There are nine coleslaw recipes in this book, and the “Spicy Southwestern-Style Coleslaw”, page 76, is the 5th one I’ve tried. Coleslaw dressings usually fall into two categories: creamy (mayonnaise based), or tart (vinegar based). The dressing in this recipe calls for two tablespoons of vinegar, and ¼ cup olive oil, so  not quite creamy, and not quite tart. In this case, it’s hard to just completely omit the oil, as it makes up 2/3 of the dressing volume. My solution was to use ¼ cup water and 1/8 teaspoon of guar gum to thicken it up. Along with the southwestern spices (cumin, chili powder, and cayenne), this made a very delicious dressing for the salad, which consisted of both red and green cabbage, red bell pepper, and parsley (or cilantro, which seems more authentic for this dish).  

This salad is pretty to look at, tastes delightful, and gives you a super dose of those important cruciferous vegetables!

Keeping it “McDougall Friendly” check list:
For the dressing, replace the oil with water and add 1/8 teaspoon guar gum to thicken.

Wednesday, May 9, 2018

Farro & White Bean Soup with Italian Parsley


How can you go wrong with a vegetable based soup? The “Farro & White Bean Soup with Italian Parsley” (page 156), is very similar to vegetable barley soup, and in fact, I find I can use farro in place of barley in just about any recipe. This soup also reminded me of a light minestrone, with the veggies (celery, carrots, onion, garlic), tomato, beans (cannellini), and grain combination. It was very easy to prepare, and omitting the oil required no extra effort or substitute ingredients. This is a delicious and nourishing soup, hearty enough to serve as a main dish, perfectly rounded out by a tossed green salad and whole grain bread.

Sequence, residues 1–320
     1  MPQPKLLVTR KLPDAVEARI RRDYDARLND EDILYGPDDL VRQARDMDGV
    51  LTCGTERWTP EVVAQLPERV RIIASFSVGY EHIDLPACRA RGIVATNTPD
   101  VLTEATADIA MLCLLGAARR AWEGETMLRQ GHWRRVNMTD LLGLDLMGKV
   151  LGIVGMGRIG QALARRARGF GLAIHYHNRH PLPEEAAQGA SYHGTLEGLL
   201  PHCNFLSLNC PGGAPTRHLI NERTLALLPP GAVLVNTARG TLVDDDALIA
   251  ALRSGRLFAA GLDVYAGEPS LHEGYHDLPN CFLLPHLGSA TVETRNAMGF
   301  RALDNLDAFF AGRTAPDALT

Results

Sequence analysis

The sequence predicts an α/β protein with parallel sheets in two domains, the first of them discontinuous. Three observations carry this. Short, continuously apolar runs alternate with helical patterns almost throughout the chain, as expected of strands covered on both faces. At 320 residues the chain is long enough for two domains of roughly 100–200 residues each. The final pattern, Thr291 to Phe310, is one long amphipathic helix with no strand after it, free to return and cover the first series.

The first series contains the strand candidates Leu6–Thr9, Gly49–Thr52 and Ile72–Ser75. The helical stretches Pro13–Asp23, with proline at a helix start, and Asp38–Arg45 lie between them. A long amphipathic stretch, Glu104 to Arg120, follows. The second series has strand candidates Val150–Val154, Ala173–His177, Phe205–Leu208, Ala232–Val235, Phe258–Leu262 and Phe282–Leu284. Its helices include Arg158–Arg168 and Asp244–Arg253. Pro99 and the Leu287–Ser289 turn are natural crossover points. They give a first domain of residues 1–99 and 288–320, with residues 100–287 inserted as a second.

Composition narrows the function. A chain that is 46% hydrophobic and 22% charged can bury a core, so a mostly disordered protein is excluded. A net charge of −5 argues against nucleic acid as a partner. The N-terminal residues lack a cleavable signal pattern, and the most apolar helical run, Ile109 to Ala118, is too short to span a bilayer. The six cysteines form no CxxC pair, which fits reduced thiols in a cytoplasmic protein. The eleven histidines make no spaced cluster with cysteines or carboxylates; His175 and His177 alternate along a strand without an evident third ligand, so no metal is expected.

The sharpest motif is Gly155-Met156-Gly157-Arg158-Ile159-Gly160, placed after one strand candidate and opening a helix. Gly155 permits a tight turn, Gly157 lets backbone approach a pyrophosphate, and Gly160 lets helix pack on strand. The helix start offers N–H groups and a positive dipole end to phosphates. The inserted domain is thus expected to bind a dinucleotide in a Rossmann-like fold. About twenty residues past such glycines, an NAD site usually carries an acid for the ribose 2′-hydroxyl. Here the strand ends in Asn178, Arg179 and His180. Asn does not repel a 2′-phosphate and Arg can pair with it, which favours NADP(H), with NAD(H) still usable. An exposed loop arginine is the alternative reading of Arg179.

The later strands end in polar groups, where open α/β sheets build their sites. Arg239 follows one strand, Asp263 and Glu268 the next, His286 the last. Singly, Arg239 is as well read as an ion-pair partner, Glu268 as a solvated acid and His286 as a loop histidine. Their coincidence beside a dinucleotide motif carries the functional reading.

Keeping it “McDougall Friendly” check list:
  • Replace the oil with water, broth, soy sauce, or sherry for sautéing the veggies and/or use a nonstick pot.

Friday, April 27, 2018

Chickpea, Tomato, & Eggplant Stew


I’m now just about convinced I’m an authentic eggplant fan. Having recently tryed a handful of recipes from this book that include eggplant, a vegetable that in the past, I was only mildly fond of, I find I’ve changed my mind. Either these recipes are perfectly made for eggplant, or I’m getting better at working with it, or my tastes are just changing. In any case, I’m glad I am finally able to happily include this beautiful vegetable in my regular recipe rotation. The “Chickpea, Tomato, & Eggplant Stew”, page 258, is an elemental, earthy combination of onion, eggplant, carrots, potatoes, red bell pepper, chickpeas, and tomatoes, brought to full flavor with garlic, parsley, oregano, and basil. There are only two steps in the recipe preparation, sautéing a portion of the veggies, and adding the rest of the ingredients to simmer for a bit. Easy, satisfying, and tastes even better the next day, if you have any leftovers.

The recipe as written only calls for 1 tablespoon of oil. It’s easy to omit this altogether, using any other liquid you prefer for sautéing the veggies.

Keeping it “McDougall Friendly” check list:
  • Replace the oil with water, broth, soy sauce, or sherry for sautéing the veggies and/or use a nonstick pot.

Thursday, April 19, 2018

Creamy Artichoke Dressing


“Creamy Artichoke Dressing”, page 101, is versatile, zesty, and tangy, and makes a great topping for crispy lettuce salads, pasta salad, or even steamed vegetables. Although the recipe calls for a jar of undrained marinated artichoke hearts, meaning packed in oil, this worked out perfectly well using a can of water packed artichoke hearts instead. My first choice was frozen artichokes, which are superior in flavor to the canned, and are also oil-free, but I couldn’t find them the day I shopped for this recipe. The remaining ingredients are garlic, fresh lemon juice, salt, and cayenne, plus additional oil, which I omitted, using water instead. Everything goes in the blender and is processed until smooth and creamy, adding the water 2 tablespoons at a time until the dressing reaches the desired consistency. Because the artichokes add a lot of bulk, there really is no need to add any thickening agent, such as guar gum, if you leave out the oil. In fact, you may find you actually need to thin it down.

This is an easy dressing to make, whips up in a flash, and one I will likely make again. I can imagine it as a dipping sauce for oven fries, and as a topping for grilled tofu, tempeh, or seitan.

Keeping it “McDougall Friendly” check list:
  • Replace the ¼ cup of olive oil with water, 2 tablespoons at a time, until desired consistency is reached.

Monday, April 16, 2018